NASCAR explains Talladega penalties, defends yellow line rule

The latest NASCAR Cup Series Playoff race ended in controversy at Talladega with NASCAR officials defending the yellow line rule at the centre of the debate

Denny Hamlin survived a post-race investigation to clinch the victory, but his triumph was initially under threat for multiple reasons.

Hamlin's win was put into question as he went completely below the yellow line through Turn 4 when he drew level with the race leaders as he re-entered the track. However, NASCAR did not call a penalty as they believed Hamlin was forced onto the apron to avoid an incident.

But officials did penalise second-place finisher Matt DiBenedetto, who forced William Byron below the yellow line as he attempted to a block his run on the final lap.

NASCAR also penalised Chase Elliott for a similar violation, but later rescinded the penalty and instead penalised Chris Buescher, who lost his sixth place.

DiBenedetto officially placed 21st and Buescher 22nd - both dropping to the rear of the cars that finished on the lead lap.

NASCAR senior vice president of competition Scott Miller explained the ruling on Hamlin and DiBenedetto as "clear-cut" calls for the officials in a hectic race that had a record 13 cautions and went into triple overtime.

"It was pretty clear cut. The #21 (DiBenedetto) hung a left, drove those guys down below the line," Miller said. "We called that twice on the #22 car (Joey Logano) during the race, so nothing different there.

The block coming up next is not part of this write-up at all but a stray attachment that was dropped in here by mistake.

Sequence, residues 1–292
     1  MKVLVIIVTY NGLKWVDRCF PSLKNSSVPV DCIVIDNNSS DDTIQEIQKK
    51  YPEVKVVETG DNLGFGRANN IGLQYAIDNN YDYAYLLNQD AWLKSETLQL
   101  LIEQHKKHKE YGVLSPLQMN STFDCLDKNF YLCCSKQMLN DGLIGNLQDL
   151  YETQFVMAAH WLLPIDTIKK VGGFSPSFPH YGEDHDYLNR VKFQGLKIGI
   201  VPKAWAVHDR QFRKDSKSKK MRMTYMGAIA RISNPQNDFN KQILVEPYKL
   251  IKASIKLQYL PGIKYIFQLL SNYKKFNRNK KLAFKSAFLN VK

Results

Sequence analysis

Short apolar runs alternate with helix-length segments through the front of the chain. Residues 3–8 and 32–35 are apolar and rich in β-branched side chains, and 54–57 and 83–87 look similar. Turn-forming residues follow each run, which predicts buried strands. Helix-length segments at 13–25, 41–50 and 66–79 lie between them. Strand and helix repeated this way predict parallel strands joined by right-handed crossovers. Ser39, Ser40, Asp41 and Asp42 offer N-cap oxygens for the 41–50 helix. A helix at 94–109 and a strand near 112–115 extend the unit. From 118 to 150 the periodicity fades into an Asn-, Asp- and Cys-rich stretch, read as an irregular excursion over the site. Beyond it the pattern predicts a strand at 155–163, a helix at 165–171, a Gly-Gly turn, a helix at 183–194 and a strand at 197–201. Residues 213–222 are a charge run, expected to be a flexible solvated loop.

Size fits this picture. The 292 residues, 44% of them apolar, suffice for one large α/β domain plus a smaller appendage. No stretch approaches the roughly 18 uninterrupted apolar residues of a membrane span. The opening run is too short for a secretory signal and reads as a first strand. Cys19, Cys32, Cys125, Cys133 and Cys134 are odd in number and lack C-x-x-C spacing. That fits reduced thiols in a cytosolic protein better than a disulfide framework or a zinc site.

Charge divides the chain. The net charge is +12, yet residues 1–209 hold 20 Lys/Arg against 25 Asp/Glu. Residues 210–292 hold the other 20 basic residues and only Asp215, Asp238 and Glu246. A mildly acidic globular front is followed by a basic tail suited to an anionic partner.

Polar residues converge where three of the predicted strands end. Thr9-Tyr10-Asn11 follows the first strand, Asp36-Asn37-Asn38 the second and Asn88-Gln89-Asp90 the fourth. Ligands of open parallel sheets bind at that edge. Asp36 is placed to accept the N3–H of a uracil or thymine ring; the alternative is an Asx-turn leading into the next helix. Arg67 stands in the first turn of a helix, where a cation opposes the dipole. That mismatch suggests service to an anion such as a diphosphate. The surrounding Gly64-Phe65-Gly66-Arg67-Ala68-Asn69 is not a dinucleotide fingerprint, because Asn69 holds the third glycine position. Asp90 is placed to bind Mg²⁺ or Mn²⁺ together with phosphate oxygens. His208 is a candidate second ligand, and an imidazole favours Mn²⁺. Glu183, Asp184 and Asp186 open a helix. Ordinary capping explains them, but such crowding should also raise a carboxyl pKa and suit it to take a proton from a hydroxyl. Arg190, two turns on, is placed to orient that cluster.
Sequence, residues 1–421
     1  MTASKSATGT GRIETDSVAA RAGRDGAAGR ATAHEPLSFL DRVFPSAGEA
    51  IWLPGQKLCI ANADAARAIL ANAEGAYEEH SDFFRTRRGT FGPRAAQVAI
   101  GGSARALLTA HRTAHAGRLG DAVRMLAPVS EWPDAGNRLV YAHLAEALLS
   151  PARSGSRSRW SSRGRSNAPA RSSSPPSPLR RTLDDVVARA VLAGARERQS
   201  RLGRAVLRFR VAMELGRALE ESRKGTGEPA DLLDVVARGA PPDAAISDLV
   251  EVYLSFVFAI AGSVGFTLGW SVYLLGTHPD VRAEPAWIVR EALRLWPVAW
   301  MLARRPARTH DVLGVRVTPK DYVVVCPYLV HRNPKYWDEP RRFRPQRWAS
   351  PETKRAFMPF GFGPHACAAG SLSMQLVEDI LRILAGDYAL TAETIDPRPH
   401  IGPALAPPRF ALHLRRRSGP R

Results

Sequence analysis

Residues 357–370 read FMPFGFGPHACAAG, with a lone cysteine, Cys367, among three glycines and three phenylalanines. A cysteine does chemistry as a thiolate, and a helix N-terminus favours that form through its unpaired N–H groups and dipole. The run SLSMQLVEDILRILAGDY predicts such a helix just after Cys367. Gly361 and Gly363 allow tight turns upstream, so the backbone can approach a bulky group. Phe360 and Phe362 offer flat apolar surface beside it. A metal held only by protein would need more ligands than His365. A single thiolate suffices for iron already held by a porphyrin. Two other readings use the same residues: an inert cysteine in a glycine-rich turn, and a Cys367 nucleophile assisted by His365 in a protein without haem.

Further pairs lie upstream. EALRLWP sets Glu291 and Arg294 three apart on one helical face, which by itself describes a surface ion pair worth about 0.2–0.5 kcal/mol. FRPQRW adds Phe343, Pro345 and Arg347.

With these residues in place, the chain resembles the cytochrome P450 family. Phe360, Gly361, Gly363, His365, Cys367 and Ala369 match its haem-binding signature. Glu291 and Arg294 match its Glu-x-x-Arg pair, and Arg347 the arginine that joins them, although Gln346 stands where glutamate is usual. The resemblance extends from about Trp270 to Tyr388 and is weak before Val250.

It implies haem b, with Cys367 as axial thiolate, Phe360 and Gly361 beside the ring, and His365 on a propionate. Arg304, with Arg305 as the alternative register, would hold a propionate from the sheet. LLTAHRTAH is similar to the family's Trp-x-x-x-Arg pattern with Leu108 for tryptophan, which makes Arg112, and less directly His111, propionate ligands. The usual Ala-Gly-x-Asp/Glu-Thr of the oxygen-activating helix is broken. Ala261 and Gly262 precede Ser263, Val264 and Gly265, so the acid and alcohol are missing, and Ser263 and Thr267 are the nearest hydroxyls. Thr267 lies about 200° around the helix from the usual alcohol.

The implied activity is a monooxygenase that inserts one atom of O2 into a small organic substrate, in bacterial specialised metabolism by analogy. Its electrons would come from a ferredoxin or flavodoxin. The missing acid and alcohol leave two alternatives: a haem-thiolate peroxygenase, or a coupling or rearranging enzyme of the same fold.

"On the #24 (Byron) and the #11 (Hamlin) being down there, I mean, in our judgment was they were down there to avoid a wreck. I think all of it was, from our vantage point, I think fairly clear cut."

Miller also asserted that NASCAR will not consider eliminating the yellow line rule.

"There would probably be even more wrecks [without the rule]. We certainly don't need more wrecks than what we saw today. Probably not," he said.

"Outside of putting a wall there, I don't really know what more we can do.

"I do sincerely believe we need the rule. You see all the real estate that's around here. If we started having cars running 12 wide down the back straightaway, imagine what would happen when you get to Turn 3.

"I think it's important that we continue to have a rule. You get out there in the heat of battle, things happen. It's hard when there's all that real estate down there, but you just can't do it.

"I don't think that we can eliminate it. I think it would be a mess."

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